Abbas said 80 people, 71 of them students, were found by forces in the Goryam area.

"An exchange of fire took place, but the miscreants-terrorists fled the scene when they saw the strength of the armed forces," he said.

US rejects Zardari’s complaint about aid

WASHINGTON: US Secretary of State Hillary Clinton has rejected President Asif Ali Zardari’s complaint that the United States has not delivered on its promises to help Pakistan deal with the aftermath of the Swat operation.

‘I certainly understand the anxiety of anyone in Pakistan; they have taken on this really important challenge of trying to take on the Taliban, but we’ve been providing aid,’ she said. ‘We already disbursed $110 million for the displaced people. We’ve got that out very quickly.’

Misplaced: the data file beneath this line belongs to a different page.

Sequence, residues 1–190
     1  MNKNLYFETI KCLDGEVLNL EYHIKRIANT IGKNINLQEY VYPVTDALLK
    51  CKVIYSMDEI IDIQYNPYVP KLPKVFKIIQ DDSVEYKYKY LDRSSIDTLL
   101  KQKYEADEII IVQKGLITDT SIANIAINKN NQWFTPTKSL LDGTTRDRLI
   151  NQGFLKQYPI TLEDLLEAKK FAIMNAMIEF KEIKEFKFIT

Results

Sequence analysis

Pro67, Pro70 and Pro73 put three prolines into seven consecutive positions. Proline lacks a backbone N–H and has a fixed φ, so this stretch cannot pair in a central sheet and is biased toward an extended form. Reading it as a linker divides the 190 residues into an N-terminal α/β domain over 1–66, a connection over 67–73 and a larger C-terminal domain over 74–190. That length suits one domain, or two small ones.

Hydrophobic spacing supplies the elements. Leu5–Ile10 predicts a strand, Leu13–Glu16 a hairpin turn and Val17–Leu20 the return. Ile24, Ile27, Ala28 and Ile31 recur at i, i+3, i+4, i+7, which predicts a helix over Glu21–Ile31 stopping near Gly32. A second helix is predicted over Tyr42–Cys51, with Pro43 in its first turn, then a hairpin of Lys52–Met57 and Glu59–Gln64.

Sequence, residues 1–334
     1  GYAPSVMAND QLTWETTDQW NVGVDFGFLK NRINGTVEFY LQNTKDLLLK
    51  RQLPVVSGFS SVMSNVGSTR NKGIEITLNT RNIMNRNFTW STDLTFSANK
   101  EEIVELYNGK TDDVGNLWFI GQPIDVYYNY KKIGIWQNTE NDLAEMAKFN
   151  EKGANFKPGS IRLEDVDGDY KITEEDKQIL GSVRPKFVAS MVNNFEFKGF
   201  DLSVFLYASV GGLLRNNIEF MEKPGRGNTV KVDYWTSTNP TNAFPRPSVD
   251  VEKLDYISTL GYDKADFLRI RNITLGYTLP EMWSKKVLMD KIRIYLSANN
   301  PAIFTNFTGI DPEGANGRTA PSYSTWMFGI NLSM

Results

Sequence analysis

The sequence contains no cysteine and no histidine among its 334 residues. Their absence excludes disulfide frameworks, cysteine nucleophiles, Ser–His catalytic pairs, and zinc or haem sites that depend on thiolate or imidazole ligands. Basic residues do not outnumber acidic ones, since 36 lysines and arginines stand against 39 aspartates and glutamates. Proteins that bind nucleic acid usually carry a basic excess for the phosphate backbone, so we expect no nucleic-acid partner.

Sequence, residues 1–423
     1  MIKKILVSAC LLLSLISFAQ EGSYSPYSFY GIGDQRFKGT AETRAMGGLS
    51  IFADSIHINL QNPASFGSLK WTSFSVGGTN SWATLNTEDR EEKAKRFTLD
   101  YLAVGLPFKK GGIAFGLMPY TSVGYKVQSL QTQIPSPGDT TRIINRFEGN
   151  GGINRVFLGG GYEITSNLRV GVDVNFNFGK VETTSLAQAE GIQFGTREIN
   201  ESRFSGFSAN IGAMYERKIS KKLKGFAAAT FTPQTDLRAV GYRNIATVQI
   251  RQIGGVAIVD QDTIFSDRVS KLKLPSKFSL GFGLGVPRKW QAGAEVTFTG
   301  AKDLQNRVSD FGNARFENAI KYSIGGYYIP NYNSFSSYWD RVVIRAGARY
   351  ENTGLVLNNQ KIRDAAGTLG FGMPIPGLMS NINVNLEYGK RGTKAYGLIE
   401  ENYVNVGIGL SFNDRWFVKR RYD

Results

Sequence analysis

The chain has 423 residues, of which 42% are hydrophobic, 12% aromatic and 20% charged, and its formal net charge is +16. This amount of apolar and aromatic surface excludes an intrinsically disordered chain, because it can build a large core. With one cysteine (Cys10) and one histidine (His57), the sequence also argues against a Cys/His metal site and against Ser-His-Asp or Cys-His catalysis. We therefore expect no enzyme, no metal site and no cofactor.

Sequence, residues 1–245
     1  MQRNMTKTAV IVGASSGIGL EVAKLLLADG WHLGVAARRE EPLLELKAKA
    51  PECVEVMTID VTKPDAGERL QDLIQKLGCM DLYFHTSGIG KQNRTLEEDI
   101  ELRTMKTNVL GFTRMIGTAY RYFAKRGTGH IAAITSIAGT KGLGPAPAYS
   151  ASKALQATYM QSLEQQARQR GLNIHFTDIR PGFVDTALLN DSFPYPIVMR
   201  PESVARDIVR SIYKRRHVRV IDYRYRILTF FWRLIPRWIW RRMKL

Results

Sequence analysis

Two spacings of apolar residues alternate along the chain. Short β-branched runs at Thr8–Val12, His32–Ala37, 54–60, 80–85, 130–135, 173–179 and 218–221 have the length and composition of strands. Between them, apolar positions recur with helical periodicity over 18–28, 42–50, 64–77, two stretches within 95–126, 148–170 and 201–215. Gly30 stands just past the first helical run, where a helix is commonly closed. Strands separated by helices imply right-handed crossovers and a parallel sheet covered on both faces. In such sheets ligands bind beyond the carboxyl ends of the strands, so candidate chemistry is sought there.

In an interview to The New York Review of Books, President Zardari said that Pakistan did not have enough funds to deal with the consequences of the military operations in Swat.

‘We have no money to arm the police or fund development, give jobs or revive the economy. What are we supposed to do?’ he said.

The president had also criticised the United States for its slow response to the humanitarian crisis.

‘So I think it may be moving more quickly than perhaps the president knows,’ said Secretary Clinton while responding to Mr Zardari’s interview.

‘But there’s a lot more to be done, and we’re going to try to tee it up and get it delivered as quickly as possible,’ said the top US official in an interview to USA Today.

Richard Holbrooke, the US special envoy to Afghanistan and Pakistan, left for Pakistan on Tuesday to assess the situation and to accelerate international relief efforts for more than three million people displaced during the military operation.

Also on Tuesday, the State Department announced that almost 6,000 US citizens had responded to Secretary Clinton’s appeal to contribute $5 each through text-messaging.